A while back, Dave asked if I’d like to contribute some articles to New World Alchemy and I jumped at the chance. The first question I asked myself was “what should I write about?” Well, the obvious answer is RPG design. Given that most of you don’t know much about me, my inaugural blog post on New World Alchemy will cover my background and touch on the meat of what this blog column will be about.
I started playing tabletop RPGs in 1991, during the second semester of my freshman year at college. Over my college years, I fell in with a group of gamer friends and we played D&D, Shadowrun, Star Wars, and a bunch of others. After college, I delved into several of the World of Darkness games – Vampire, Mage, Changeling. I discovered Deadlands and played a crapton of that. Some Rolemaster, Call of Cthulhu, and so forth.
During all of those years, I designed. I created characters. I built worlds. I designed new rules for games I was playing and even tried designing a few games of my own, RPG, board, and card games alike. Some of this design work saw actual play, but much of it was simply a creative exercise that I enjoyed immensely.
Regardless of what I was playing and/or designing, I always came back to D&D. While D&D includes roleplaying, puzzle solving, and political intrigue, it is often about killing monsters and taking their treasure…murdering and acquiring. These two words would come back time and time again as I delved into a new challenge – freelance game design.
In 2001, I acquired my first paid freelance gig, an RPGA adventure for the then-new Living Greyhawk campaign entitled Winter Tears. Five years later, I wrote Eye of the Night, a feature article for Dragon Magazine 340. I had a few other articles in the pipe with Paizo (then the stewards of Dragon and Dungeon Magazines) when Wizards of the Coast began transitioning to D&D 4E. Sadly, those articles were dropped during this transition. One might say they were murdered by the transition. For a couple years after, I acquired new opportunities and wrote a few RPGA adventures for D&D.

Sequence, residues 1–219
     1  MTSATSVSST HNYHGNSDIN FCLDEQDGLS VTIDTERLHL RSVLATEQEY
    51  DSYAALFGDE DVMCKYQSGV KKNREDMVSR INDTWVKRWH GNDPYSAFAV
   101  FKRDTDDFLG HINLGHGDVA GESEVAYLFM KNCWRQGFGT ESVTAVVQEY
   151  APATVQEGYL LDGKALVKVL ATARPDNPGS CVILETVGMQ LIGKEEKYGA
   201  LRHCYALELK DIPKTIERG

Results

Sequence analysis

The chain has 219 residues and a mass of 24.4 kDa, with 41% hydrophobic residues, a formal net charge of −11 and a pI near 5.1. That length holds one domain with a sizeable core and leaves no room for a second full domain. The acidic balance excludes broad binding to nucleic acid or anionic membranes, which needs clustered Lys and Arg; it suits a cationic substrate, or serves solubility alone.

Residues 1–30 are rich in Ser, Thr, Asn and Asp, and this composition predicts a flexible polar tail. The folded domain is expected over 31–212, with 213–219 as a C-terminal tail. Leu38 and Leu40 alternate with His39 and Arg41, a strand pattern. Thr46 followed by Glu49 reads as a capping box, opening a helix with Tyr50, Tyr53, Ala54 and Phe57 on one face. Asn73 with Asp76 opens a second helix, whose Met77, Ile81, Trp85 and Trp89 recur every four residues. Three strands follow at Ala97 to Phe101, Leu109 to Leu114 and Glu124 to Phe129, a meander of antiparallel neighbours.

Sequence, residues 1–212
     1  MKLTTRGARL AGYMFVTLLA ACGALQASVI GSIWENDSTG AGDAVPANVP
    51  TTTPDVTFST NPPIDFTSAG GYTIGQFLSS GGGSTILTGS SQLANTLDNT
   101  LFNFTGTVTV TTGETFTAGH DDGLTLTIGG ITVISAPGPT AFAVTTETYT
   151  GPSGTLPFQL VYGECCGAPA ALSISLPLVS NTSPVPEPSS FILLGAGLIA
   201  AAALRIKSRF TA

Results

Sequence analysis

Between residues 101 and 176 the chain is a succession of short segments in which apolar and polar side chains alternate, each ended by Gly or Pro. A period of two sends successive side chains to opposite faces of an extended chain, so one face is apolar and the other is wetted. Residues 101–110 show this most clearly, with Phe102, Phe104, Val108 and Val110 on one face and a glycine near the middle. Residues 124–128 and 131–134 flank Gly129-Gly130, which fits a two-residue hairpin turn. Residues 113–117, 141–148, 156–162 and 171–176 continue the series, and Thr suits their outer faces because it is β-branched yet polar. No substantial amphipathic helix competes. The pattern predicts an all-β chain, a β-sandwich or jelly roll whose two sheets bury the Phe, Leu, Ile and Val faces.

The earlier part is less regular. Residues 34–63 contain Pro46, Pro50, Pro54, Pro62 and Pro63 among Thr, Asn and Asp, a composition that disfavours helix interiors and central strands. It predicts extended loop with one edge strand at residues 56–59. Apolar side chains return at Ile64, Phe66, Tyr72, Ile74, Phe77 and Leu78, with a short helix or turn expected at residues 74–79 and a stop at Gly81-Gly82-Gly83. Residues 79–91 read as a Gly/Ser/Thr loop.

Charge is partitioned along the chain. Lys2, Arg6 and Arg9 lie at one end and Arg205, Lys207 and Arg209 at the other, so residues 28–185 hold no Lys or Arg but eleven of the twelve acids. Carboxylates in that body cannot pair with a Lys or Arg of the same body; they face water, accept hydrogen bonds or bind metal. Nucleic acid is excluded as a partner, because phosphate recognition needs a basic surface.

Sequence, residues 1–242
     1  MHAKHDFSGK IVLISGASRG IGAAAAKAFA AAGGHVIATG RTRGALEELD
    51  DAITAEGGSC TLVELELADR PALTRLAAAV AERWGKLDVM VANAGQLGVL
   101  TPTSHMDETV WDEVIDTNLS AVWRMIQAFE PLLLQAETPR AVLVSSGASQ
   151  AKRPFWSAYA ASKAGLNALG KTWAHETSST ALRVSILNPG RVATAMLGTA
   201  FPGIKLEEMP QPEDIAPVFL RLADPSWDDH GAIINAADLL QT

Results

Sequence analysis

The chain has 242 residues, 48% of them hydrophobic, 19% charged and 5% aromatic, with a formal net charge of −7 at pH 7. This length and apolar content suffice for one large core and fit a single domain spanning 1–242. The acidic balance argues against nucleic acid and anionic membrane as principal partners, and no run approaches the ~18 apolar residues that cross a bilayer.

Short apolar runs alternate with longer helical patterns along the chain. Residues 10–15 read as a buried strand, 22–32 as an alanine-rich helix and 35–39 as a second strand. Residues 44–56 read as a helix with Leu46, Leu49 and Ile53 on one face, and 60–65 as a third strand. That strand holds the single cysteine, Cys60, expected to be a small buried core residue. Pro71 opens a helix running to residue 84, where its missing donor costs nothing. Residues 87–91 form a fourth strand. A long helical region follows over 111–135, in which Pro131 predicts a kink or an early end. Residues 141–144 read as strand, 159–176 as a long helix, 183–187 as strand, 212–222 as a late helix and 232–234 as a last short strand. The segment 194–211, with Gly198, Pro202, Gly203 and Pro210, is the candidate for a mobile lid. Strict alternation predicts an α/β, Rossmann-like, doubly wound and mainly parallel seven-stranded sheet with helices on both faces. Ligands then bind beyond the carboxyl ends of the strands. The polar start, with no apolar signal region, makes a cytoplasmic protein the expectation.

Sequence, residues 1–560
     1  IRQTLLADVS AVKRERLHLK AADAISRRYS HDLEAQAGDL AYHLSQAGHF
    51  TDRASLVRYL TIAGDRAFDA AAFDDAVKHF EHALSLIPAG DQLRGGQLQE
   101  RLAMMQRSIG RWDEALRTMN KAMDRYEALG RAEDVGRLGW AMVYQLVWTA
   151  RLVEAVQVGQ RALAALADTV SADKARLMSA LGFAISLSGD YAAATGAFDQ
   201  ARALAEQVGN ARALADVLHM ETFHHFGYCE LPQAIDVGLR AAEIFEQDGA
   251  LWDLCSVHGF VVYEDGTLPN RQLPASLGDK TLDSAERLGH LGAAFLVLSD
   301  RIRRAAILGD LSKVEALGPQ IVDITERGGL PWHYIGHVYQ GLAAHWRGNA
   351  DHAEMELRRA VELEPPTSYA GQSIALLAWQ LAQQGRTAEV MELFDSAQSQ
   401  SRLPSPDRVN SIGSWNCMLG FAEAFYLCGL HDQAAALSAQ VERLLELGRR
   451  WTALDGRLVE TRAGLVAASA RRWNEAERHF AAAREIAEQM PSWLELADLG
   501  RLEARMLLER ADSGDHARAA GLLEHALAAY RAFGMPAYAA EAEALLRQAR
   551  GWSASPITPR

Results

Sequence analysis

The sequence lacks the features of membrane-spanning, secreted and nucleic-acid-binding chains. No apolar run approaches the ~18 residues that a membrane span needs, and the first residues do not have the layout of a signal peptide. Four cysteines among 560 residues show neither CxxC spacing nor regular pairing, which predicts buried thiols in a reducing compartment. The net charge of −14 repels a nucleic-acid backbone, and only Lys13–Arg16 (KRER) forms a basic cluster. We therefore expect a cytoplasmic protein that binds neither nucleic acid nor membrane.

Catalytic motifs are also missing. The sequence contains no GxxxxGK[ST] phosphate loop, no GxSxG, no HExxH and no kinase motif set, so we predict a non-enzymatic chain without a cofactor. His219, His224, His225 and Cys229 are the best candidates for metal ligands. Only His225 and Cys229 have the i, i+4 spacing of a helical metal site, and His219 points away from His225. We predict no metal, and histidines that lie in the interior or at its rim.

Then fate intervened. In early 2009, I was laid off from my day job. With plenty of free time on my hands, I initiated a big push in my freelance work for D&D and began landing gig after gig. I wrote a handful of articles for the free side of the D&D website. In time, I started writing articles for the online versions of Dragon and Dungeon Magazines, some based on pitches, some as assignments from the folks at Wizards of the Coast. I even wrote a few things for Gamma World and Pathfinder. I’ve often remarked that getting laid off from my day job was the best thing that ever happened to my freelance game design side-career.
In the past four and a half years, I’ve written over thirty articles and adventures for tabletop RPGs, mostly for D&D 4E. They range in length from 1500 words (short, player-focused articles) to 31,000 words (a very, very long adventure). Grand total, my work as of this writing clocks in at a bit over 200,000 words – the length of two average-length novels, all done in my free time. A few of these pieces died (were murdered?) and never made it to print. But during that time, I acquired what I like to think is a strong set of RPG design skills.